Skinny Bitches

I hate 'em.*  Always able to wear whatever they want without having to worry about showing their knees.  Going through life oblivious to the shame of not being able to fit into their jeans.  Slender, powerful, desirable, loved.  Never having to worry about what they eat because somehow their bodies simply don't accumulate excess fat.  Flashing their legs as they stride past you in their skinny boots, skinny dresses, skin-tight jeans.  Or, worse, slinking past in their flowing skirts which they wear simply because they enjoy the sensation of fabric moving over their legs, not because they are trying to hide anything, like, say, their knees.

Did I say I hate 'em?  All my life, they've been there, in their seventies peasant blouses, in their eighties business suits, in their nineties mini-skirts: mocking me with their knees, their waistlines, their ability to wear shorts without shame.  Every so often, I managed to catch up with them momentarily, but I always knew I was a fraud.  That one day soon the fat would come back and the short shorts and spaghetti-strap dresses would end up back in the closet, gently aging out of fashion as I struggled to find a pair of pants that fit.  I wanted to be one of them, join their club, be one of the girls who could dress up for a party confident that she would look good if she just put some effort into it.  (As opposed to looking ridiculous for trying because what was the point, anyway, if I couldn't show my knees?)   I imagined what it would be like to be slim, how liberating it would feel not to have to hide.

And now if it turns out (if my first two weeks of the Lenten carb fast are any indication) that it was simply because I was eating too much sugar and starch that my thighs were not like their thighs, that my knees were fat?  I've written already about how angry it makes me to think that, like Dorothy, I could have gone home anytime I wanted if only I had known how to use the ruby slippers.  But now that I have them on my feet...I'm scared.  I'm not sure I want to be one of Them.  A skinny bitch.  Someone who doesn't have to worry about her weight because she knows how to manage it so that she stays slim.  Now that it looks like it may be possible--given sufficient time and few enough carbs--consciously to lose the accumulated fat, oddly, but perhaps, indeed, predictably, I'm not sure I want to go there.  Do I?

"Of course," you say.  "We're tired of hearing you bitch about how much you hate being fat.  Just do it, it's what you've always said you wanted, lose the carbs, lose the weight and get on with your life!"  I look in the mirror now and I still have fat knees.  Truth to tell, even at my skinniest, I thought that I had fat knees, so maybe slender knees aren't in the cards for me to begin with.  (I have rather large knuckles, like my dad's.  Big joints seem to run in the family.)   But...what if they were (in the cards, that is)?  What if I could be a skinny bitch, too?  No longer hiding behind the carbs and the weight, but simply living the way I've always dreamed I would if I were thin.  Truth to tell, I can't think of anything quite so terrifying.  Who would I be?!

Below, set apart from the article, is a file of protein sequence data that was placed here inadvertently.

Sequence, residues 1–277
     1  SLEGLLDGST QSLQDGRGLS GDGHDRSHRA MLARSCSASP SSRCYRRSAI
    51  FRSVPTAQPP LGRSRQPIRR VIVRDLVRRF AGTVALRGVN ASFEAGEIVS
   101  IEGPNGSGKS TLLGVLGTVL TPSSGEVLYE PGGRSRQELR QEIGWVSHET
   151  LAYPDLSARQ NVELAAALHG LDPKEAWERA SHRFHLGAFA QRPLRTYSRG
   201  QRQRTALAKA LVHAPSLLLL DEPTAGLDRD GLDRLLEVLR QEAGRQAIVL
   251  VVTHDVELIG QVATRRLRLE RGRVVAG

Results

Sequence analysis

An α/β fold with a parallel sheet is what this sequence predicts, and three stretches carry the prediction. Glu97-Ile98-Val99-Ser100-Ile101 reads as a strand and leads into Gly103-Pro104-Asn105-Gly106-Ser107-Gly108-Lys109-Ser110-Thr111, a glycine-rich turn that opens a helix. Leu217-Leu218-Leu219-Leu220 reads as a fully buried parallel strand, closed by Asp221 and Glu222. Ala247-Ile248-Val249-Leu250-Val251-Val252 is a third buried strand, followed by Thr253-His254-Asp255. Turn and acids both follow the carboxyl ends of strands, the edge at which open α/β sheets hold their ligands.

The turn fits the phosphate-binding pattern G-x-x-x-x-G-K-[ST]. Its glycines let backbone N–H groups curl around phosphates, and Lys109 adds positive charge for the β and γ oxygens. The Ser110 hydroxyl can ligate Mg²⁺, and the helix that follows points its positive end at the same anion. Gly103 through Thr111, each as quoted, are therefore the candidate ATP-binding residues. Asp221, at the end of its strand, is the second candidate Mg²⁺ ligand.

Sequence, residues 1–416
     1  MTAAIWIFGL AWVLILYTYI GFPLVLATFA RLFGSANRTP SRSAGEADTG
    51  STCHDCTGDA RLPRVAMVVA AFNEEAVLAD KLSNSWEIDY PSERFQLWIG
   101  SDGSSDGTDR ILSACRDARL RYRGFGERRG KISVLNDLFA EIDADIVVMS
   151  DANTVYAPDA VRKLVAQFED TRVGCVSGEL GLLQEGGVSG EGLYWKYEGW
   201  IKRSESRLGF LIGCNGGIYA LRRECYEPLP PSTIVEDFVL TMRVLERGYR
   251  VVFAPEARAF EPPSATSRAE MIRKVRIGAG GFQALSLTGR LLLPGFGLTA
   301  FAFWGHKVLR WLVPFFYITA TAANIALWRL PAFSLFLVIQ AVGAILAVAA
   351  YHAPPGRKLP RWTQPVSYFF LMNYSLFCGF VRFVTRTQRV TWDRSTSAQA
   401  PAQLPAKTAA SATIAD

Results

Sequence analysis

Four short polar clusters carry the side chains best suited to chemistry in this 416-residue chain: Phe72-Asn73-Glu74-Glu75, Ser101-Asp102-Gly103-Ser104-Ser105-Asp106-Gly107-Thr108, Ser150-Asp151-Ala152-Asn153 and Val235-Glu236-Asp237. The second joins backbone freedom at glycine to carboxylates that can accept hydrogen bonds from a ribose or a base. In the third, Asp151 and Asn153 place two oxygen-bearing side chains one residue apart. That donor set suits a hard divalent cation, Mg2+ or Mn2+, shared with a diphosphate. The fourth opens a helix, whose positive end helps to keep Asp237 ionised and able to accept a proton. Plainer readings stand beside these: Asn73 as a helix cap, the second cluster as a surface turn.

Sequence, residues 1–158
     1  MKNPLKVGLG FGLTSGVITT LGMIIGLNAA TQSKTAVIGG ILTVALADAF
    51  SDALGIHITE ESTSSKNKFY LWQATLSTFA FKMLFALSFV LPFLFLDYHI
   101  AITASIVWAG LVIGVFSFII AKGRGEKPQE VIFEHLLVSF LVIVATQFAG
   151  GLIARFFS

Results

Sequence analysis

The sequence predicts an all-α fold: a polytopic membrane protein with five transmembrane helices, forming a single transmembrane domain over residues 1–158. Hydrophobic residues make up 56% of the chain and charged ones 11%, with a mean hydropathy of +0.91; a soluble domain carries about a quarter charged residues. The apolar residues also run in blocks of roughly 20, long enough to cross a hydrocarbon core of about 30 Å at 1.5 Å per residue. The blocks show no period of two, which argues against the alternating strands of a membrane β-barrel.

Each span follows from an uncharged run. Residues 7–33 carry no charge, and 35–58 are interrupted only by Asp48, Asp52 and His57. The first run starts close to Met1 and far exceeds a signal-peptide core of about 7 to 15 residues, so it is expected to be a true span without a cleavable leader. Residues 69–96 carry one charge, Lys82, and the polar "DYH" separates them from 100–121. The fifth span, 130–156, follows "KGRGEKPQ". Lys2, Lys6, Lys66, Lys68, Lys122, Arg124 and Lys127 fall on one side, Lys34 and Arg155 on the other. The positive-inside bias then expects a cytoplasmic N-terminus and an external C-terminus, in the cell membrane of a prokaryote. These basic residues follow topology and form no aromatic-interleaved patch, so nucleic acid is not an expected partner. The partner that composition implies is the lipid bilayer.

Who would I be if I weren't struggling with my weight?  Who would I be if I were one of those women whom I envy as I am walking to campus with my dog?  I saw one today, just crossing the street.  She had slender knees (can you tell I have a thing about knees?) and was wearing skinny pants and a comfortable leather (or maybe suede) jacket.  She looked purposeful and strong, giving me and the Dragon Baby nary a glance as she strode onto the important things that she had to do in her life.  I saw another one as I was coming home.  She was wearing a snug skirt and some kind of heels.  I know she was a bitch because she didn't look like anything could ruffle her.  Maybe she was a business woman, maybe just a full professor already at age 35.  It was hard to tell.  Skinny bitches always look like they have made it before they turn 30; it's probably why all the skinny bitches portraying professional women on television are so slim.  They don't sit around worrying about how fat their knees look in business skirts; they have lives to get on with and people to impress.  Which they can.  Because, of course, they're slim.

Am I really this shallow?  Are you kidding me?  Of course I am!  Who isn't?  Who hasn't watched two women walk into a room, one skinny, one not, and instantly preferred the skinny one?  Okay, maybe not you.  Or you.  Or you.  But, I confess, I have judged.  According to one of those psych tests that is supposed to detect prejudice, fatness is the only thing about which I am not as neutral as my liberal self would like to believe.  Sex, age, race, I'm fine.  But fatness at least used to be (before my big awakening last summer) a real hurdle for me.  And now that I've spent the past six months rearranging my head so as not to care so much about fat (which, honestly, I don't--it's quite wonderful, really), you tell me it's possible that I might be thin?  No, I'm not going there.  I'm not giving up the solidarity with all those women who have been my comrades in fat, the ones whom I could feel comfortable with because I wasn't spending all my time being jealous of their knees. 

But here I sit, the pounds melting away.  I still haven't weighed myself, but I have succumbed to the tape measure: an inch off my waist in just the past week.  And my jeans fit again (still my "fat" ones, but still).  What if this works?  Who am I going to be if I am not one of the ones who isn't a skinny bitch?

I am really not sure whether I am ready for this.

*No, not you.  Or you.  Or you.  I'm not talking about any of my friends, students, colleagues, or relations here.  Just all those women whom I don't know whom I pass on the street.  You know, you hate 'em, too.

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